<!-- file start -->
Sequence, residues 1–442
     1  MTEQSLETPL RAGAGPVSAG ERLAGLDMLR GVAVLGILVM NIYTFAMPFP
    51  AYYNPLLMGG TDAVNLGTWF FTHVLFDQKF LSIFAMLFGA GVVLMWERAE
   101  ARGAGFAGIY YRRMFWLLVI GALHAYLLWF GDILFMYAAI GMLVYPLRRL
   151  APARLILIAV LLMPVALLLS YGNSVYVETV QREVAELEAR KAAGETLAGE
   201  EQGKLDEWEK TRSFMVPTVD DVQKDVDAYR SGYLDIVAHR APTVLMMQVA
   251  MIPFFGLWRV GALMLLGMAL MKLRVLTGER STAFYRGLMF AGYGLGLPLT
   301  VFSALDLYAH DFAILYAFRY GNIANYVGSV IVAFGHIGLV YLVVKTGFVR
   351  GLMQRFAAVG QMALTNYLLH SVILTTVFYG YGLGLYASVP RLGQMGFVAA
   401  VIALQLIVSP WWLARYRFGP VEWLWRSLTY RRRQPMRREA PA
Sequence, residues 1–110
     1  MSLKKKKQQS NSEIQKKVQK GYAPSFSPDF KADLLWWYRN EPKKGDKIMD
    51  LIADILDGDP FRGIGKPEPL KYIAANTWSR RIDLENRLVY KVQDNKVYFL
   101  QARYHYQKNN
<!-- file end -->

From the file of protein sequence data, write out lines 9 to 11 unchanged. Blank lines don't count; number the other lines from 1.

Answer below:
   351  GLMQRFAAVG QMALTNYLLH SVILTTVFYG YGLGLYASVP RLGQMGFVAA
   401  VIALQLIVSP WWLARYRFGP VEWLWRSLTY RRRQPMRREA PA
Sequence, residues 1–110